Editor’s Notes: Kendra Weighs in on a Controversial Chapter

 

Author’s Note:

 

In the following, editor Kendra Guidolin weighs in on a chapter I’m VERY unsure about.  That chapter is called ‘Dying Wish’ and it’s Chapter Seventy-Five on the “CHAPTERS” section of the website.  A main component of this first version of TGOHS is to open up the doors to the novel-writing process, to give you the unfiltered, uncensored ‘brain-to-page’ experience before the material meets its inevitable checks and balances.  I’ve been pushing my own lines the whole time I’ve been writing the novel, but after ‘Dying Wish’ which is both macabre and salacious, there may well be, for me at least, no more lines to push. If you read the chapter before you read Kendra’s take on it, I highly suggest you don’t read it near mealtimes,  that you consume it with a stiff drink, a side of skepticism, and a grain of salt.  The chapter is very much hanging in the balance, and may not make it to the final copy.  But, before I make a decision on it, it’ll have the opportunity to be read in this first, public draft of the novel.  Here is what Kendra has to say.

 

 

As I was reading this chapter within the context of those that came before and after it, this chapter only stood in my mind as being particularly horrifying for poor George–though in a way that was equally as humorous as it was horrific. Revisiting this chapter and considering it specifically in particular, I’m not sure it has me sold. Again, while George’s narration is beautifully done–even in moments that are also meant to be grotesque, the exposition is brilliant, and does absolutely manage that balance between crude and light, clever, and even lyrical. My main concern, however, is both its realism and its fairness to Bertie. Bertie was at one point one of my favourite characters, as she has the charm of a very caring, wonderful mother-figure–which also maybe makes this horrific for George and thus, us the reader in his POV! Although we know Bertie slightly betrays Justine’s trust, and does seem to have quite selfish motives in more instances than the reader would’ve liked, I think my uncertainty of this chapter also is in how George describes her grotesqueness: mostly in her being troll-like and hideous based on both her age and weight. I think this chapter could be revised to be more fair towards Bertie, as well, it could be done in a way that seems less traumatizing than it currently is for our poor George (as comical as it is to have him suffer in such a way). Especially, at the moment, with George being coerced into granting Bertie her last dying wish, her motives take away from the devastation and trauma that would most likely arise in her dying whilst still in bed with him.

As well as worrying about George’s fairness to Bertie in his description of her, I also wondered about the realistic aspects of this chapter, because right now it feels like a grotesque nightmare/ fantasy, rather than part of the real story. Namely, I felt it was very strange Bertie would be sexually attracted to George with their history and hierarchical rank within the Heath; as well, I wondered why Bertie would say she was still a virgin at her age, and even if this wasn’t true, it just made her character beyond realistic and more of an unattractive caricature, making this whole scenario feel more of a nightmare than a consensually agreed upon interaction (even if there was hesitation from George, there is still something deeply wrong he feels while going through with it that makes the reader uneasy, for obvious reasons, of course)!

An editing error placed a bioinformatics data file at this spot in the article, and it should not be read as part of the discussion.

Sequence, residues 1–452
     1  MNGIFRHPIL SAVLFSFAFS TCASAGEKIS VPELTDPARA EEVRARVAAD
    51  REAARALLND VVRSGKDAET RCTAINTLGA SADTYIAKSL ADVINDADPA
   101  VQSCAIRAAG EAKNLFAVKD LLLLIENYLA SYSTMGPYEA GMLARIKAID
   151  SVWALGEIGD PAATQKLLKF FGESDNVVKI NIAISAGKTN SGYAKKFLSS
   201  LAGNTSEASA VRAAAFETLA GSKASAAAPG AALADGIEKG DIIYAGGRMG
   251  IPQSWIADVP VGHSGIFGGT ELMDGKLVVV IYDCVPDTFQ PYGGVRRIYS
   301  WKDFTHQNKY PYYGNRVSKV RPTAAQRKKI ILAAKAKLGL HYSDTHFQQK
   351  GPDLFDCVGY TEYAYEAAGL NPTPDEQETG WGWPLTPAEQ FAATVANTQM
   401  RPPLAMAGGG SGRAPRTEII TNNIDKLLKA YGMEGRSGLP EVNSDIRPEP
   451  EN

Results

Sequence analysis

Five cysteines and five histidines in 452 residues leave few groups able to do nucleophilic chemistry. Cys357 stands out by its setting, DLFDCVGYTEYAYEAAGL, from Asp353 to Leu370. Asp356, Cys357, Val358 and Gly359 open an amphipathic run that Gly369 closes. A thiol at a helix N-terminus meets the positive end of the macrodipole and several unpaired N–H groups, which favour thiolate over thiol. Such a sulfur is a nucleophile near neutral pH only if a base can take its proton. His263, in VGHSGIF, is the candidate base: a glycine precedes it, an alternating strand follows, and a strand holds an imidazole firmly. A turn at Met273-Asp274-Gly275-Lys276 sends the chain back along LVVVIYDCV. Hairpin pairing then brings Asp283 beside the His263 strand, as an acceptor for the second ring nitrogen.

It is a really rich dive into the more comical, dark side of the novel, and is a great exercise in testing the waters in seeing how far the boundaries can be pushed. In fact, tonally, it’s in a really great space, as necromancy honestly does not feel far off thematically speaking, and may possibly be another gateway for Justine to even imagine as she mourns the loss of Gregory. As well, it’s got some great dark humour, which also goes really well with the dark motifs that overlap in sex and death. As much as I’m unsure about the ways in which this chapter manifests these ideas, I think it’s honestly not a bad direction–maybe it’s just a bit extreme, as it currently stands out and doesn’t sound too much like the rest of the novel. Especially since the novel has such an its incredible drive for self-acceptance in one’s body, the normalisation of female pleasure, and the exposure of those who suppressed and actively punished those within sex work and pornography in London, I think this piece could be made to fit with some revisions. Of course, the direction you take this piece is entirely up to you, so please do let me know if you want to test another version; I’d be more than happy to take a look!